Rolf was born in Kristiansand, in southern Norway, in 1955. His first brush with composing came at the early age of nine when he formed his first band. From then on, and throughout his youth, music came to be his constant companion and focus in life. He later studied music at the Music Conservatory in Kristiansand – and continued his Masters Degree studies in music at the Norwegian Institute of Music in Oslo.

By the time he’d unveiled his “Secret Garden” to the world, Rolf had already earned himself a Norwegian Grammy Award and the reputation as Norway’s most successful popular songwriter – topping the national radio charts (Norsktoppen) more than 60 times. For two consecutive years, his songs had won the National radio chart “Song of the Year-award”.

Rolf was also a two-time winner of the international Eurovision Song Contest final – in 1985 with “La det swinge”, and in 1995 with “Nocturne”. He is also a four-time winner of Norway’s national Eurovision Song Contest finals. In 2007 he received the coveted Achievement Award at the Norwegian Grammies where his international achievements were recognized. Among his most successful songs are “You Raise Me Up” recorded by over 1000 artists (among them are Josh Groban and Westlife and Il Divo) and “I’ve Dreamed of You” recorded by Barbra Streisand.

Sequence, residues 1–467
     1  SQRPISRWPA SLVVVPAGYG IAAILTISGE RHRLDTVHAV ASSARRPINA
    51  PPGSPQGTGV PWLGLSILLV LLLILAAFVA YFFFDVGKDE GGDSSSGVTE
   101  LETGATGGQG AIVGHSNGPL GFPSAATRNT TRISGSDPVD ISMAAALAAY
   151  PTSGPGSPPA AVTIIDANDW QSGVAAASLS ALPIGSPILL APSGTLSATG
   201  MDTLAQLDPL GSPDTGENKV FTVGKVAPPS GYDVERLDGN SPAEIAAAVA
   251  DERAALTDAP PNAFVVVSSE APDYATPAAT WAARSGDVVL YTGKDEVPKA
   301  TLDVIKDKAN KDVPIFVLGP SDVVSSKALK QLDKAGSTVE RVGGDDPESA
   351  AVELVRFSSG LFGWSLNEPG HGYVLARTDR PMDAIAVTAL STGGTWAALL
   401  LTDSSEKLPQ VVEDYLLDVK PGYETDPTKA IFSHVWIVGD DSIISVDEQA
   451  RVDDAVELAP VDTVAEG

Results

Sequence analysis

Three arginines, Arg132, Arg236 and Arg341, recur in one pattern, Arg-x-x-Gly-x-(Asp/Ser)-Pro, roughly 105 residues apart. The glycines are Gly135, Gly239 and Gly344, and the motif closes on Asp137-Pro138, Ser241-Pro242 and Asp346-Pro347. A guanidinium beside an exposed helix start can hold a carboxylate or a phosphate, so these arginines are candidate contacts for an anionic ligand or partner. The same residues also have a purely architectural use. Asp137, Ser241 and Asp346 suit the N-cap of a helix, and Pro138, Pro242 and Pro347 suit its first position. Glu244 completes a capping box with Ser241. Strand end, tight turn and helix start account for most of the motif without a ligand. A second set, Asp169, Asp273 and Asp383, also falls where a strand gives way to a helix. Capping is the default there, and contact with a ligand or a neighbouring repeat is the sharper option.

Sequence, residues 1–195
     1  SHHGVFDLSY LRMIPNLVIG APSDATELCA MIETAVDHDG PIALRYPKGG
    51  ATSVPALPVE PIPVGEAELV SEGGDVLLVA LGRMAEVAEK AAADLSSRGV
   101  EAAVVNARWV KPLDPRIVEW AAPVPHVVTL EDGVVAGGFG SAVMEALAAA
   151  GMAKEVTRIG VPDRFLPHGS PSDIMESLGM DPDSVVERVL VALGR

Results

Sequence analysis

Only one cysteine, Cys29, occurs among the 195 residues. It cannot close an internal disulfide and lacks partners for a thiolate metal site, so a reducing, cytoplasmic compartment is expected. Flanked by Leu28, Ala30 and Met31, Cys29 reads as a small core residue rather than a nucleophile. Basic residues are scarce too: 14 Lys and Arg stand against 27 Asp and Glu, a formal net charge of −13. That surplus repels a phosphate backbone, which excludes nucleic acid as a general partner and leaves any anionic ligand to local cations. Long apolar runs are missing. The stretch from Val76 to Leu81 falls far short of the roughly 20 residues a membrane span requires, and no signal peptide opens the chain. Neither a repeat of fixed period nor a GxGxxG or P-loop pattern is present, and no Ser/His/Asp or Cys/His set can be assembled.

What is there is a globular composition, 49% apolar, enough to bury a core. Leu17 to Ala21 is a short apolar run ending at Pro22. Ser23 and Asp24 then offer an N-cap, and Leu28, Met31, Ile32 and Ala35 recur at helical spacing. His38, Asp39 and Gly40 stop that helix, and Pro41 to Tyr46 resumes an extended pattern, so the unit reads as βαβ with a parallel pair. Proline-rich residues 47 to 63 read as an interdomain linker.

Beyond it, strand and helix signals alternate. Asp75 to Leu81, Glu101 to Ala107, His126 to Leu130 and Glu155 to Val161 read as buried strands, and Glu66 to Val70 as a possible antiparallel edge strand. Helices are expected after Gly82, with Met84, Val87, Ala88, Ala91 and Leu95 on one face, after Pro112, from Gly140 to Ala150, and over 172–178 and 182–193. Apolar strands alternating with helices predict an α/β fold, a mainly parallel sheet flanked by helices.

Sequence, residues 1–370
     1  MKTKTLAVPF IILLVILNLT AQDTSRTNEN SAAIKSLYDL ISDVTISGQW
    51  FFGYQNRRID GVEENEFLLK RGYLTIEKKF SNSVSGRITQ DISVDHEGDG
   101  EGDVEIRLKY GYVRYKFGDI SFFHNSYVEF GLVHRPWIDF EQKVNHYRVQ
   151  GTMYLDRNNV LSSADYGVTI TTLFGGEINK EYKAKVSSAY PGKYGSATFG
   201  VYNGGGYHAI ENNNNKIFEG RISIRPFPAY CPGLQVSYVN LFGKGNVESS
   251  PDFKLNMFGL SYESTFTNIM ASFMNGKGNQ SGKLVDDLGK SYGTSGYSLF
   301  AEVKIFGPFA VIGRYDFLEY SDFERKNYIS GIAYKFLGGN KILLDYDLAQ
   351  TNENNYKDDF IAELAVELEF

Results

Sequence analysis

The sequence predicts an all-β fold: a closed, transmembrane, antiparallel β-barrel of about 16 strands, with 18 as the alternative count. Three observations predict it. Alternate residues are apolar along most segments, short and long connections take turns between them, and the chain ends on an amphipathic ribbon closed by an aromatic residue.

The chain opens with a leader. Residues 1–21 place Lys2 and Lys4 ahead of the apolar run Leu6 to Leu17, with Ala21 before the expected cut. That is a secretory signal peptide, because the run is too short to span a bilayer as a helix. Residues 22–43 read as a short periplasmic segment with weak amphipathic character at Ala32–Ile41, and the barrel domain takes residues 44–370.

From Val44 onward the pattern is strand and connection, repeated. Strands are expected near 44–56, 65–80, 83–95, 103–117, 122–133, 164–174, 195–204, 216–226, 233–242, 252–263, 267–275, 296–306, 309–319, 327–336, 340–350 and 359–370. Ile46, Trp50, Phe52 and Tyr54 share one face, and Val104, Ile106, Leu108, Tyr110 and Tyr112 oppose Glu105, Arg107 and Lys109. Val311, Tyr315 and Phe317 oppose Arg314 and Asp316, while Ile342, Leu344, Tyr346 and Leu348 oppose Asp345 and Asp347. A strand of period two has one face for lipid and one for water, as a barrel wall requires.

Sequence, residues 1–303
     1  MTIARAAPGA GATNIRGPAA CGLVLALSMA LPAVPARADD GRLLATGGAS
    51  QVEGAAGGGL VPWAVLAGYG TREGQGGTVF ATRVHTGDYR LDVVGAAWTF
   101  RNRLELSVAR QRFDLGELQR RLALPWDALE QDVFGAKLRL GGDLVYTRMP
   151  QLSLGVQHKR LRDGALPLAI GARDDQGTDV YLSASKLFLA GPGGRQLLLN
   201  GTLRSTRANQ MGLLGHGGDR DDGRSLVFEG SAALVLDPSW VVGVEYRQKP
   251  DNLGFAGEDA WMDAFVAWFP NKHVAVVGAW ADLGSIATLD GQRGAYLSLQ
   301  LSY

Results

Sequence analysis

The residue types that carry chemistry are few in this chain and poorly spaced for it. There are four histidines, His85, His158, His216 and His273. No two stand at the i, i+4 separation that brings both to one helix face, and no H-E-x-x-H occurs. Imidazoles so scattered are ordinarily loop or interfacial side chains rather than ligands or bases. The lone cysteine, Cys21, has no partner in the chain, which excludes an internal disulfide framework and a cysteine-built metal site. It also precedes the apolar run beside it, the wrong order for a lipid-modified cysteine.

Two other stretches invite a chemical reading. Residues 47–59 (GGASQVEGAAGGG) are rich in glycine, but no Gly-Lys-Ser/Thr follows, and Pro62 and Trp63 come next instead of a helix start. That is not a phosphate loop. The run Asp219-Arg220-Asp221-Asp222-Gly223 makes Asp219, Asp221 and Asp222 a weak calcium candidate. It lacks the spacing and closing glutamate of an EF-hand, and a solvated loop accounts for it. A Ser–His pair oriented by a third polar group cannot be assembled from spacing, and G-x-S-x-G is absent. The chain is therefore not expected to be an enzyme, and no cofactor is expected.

The founding of Secret Garden has given Rolf the freedom to explore (and for us to experience) deeper emotional dimension and wider musical landscape than the earlier phase of his career had allowed. It has also proven the composer, Rolf Lovland, to be a musical force of considerable stature.

Stage Instruments: Acoustic Grand Piano or Yamaha Digital piano GT2 or NS3.